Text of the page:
Concerns Over 18+ Betting Issues Not Enough to Change KY Law, Expert Says

The Kentucky sports betting industry will be under the national microscope when it launches in September thanks to its legal age limit. If you’re 18, you can bet on sports in Kentucky. In most other US states, the legal age limit is 21.

In fact, 71% of Kentucky residents want 21 to be the legal age, not 18, according to a recent Gaming Today survey.

With 4.6 million people, Kentucky will be the largest 18-and-over sports betting jurisdiction in the US. By far.

A prominent national gaming law expert told Gaming Today he thinks Kentucky’s age limit could open the door to more responsible gambling issues “in theory” because it will add to the overall number of gamblers in the state. Still, he said, he has a hard time seeing the age limit changing any time soon.

“I don’t think it’s enough of a certainty to warrant a change in law,” said Stephen Miller, an attorney at Cozen O’Connor and the Co-Chair of the firm’s White Collar Defense & Investigations practice group. “Kentucky should see what happens and re-evaluate with data, like any good regulator.”

Surprised by low age limit? ‘Nope’

Miller is currently based in Philadelphia. But he was raised in Lexington. He attended Henry Clay High School and University of Kentucky. Asked if he was surprised Kentucky set its sports betting age limit at 18, Miller simply replied: “Nope.”

The public may be taken aback by the low age limit, but industry experts aren’t necessarily shocked. Kentucky horse race betting has been around for more than a century. The state identifies with horse racing more than any other in the US. Kentucky’s nine horse racing associations are the only organizations allowed to obtain sports wagering licenses, and the Kentucky Horse Racing Commission is regulating the state’s sports betting industry.

And, like it is across the country, the legal age limit for horse betting in Kentucky is 18.

So the horse betting state used the standard horse betting age for its new legal form of betting. Simple, right?

Besides, the KHRC can’t change the age limit. That would require a chance to HB 551, the sports betting bill. And that would require action from the Kentucky Legislature, which isn’t in session again until 2024.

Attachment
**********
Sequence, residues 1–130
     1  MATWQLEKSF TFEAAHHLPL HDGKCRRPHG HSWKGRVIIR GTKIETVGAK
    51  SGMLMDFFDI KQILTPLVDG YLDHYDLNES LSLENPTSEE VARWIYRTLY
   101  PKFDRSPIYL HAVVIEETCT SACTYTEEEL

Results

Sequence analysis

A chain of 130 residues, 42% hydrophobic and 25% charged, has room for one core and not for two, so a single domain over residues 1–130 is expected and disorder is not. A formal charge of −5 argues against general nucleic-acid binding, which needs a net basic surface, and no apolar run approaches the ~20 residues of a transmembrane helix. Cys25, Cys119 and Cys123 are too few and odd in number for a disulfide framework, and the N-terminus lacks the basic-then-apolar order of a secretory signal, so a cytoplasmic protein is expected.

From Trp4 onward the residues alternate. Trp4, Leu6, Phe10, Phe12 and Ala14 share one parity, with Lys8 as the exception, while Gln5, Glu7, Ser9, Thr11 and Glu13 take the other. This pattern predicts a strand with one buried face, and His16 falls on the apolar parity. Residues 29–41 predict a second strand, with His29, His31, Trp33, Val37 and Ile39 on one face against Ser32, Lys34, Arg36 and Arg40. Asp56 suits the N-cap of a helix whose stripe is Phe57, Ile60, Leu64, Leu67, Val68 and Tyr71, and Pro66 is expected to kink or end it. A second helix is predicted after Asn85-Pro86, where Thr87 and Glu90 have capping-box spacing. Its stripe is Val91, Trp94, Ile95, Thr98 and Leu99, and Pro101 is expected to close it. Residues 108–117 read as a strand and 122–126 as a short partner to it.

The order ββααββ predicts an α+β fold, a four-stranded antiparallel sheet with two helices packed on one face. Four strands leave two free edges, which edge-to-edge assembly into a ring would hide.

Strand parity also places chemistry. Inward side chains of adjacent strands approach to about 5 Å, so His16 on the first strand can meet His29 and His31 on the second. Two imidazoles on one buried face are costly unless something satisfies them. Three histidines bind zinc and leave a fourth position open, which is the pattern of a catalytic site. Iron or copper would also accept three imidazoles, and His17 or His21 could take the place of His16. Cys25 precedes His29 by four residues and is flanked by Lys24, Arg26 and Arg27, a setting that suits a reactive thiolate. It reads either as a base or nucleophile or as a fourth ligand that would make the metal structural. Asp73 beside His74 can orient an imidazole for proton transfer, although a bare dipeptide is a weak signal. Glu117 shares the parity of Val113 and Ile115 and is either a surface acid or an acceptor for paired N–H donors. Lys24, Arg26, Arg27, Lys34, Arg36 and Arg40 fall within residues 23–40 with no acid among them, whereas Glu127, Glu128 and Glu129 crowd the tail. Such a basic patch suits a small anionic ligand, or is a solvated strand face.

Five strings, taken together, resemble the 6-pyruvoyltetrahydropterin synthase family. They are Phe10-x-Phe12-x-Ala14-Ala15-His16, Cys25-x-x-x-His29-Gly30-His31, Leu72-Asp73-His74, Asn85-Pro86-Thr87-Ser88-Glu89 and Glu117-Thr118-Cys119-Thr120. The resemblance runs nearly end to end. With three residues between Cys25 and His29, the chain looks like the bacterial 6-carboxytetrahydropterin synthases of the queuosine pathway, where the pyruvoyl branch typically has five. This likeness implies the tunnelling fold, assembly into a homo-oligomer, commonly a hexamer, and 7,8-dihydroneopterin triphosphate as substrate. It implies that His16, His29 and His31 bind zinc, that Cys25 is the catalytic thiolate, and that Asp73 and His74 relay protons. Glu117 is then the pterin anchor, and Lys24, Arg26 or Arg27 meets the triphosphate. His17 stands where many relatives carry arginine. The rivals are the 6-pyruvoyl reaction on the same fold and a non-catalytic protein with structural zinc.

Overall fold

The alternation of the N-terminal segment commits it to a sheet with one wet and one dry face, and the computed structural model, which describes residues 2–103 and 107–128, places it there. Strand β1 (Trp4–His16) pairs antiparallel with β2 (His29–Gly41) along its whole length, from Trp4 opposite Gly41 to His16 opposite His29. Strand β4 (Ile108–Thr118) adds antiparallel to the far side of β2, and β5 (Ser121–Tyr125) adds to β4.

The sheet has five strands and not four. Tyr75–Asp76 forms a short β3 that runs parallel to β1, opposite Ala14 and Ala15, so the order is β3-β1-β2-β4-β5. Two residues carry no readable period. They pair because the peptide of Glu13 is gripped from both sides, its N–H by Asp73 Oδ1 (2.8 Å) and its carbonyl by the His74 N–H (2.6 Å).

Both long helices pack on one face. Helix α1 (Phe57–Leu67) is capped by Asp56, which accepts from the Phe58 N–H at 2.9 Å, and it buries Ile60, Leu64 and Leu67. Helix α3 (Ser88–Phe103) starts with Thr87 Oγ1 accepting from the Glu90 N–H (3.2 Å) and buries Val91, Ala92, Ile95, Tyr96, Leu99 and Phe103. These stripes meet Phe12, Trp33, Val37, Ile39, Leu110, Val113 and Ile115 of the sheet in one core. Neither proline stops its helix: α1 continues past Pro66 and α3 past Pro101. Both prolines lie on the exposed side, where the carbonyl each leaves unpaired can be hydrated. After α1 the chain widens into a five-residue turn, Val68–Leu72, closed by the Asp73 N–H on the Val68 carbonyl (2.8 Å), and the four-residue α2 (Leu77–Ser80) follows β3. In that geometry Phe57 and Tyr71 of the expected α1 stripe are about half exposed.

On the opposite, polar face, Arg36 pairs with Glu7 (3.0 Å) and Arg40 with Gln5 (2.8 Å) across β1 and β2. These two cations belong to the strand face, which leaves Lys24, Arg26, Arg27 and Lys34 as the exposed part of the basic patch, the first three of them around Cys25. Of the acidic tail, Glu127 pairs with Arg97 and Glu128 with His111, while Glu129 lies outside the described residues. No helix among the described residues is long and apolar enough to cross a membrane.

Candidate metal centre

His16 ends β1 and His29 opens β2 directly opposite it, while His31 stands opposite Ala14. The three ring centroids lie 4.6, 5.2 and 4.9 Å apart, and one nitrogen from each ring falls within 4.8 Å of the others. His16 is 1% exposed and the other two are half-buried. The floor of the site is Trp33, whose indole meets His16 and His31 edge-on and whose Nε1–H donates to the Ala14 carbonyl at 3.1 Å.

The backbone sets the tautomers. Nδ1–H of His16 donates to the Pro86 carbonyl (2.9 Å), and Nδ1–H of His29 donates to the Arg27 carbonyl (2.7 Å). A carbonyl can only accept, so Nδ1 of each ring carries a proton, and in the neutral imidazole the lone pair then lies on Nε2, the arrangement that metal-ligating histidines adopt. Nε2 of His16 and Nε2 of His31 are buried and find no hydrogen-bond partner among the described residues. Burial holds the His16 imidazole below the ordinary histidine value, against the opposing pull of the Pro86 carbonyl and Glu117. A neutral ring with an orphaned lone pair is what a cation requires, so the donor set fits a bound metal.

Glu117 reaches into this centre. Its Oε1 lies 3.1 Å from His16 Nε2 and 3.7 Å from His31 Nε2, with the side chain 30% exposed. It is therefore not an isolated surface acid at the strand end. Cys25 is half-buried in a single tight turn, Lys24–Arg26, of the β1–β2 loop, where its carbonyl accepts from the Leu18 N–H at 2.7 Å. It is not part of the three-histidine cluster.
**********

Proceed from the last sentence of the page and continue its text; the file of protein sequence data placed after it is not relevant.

Other issues Kentucky is more likely to face

Miller also has a unique and valuable perspective for sports betting in Kentucky because of his experience advising gaming operators and sports teams regarding compliance surrounding the repeal of PASPA in 2018.

Regulators need to establish relationships with other regulators around the US and the world to get ahead of any college sports betting scandals — a topic that has become white hot in US sports betting in recent months.

“Betting shenanigans rarely occur in only one jurisdiction,” Miller said. “Kentucky needs to receive information about point-shaving, insider information, or unscrupulous operators as quickly as possible, and that comes from being ‘plugged in’ to the network of other gaming regulators.”

And Miller isn’t worried Kentucky regulators will gloss over anything — including governing language used in the Kentucky sportsbook bonus offers — in their rapid turnaround from legalization to launch.

“Kentucky was already late to the online betting ‘party.’  Most other states already allow it,” Miller said, “and Kentucky can benefit from its fellow regulators’ guidance and from the gambling companies themselves, which are quite experienced at rolling out gaming in new jurisdictions.”

About the Author
Matthew Bain

Matthew Bain

Matthew Bain is a contributor to Gaming Today. Before joining Catena Media in 2022, Bain spent six years with the USA TODAY Network as a reporter and deputy sports editor at the Des Moines Register. A California native, Bain helped spearhead Prop 26 vs. Prop 27 coverage. He has led Catena Media’s coverage of the Massachusetts sports betting launch and the legalization of Kentucky sportsbooks.

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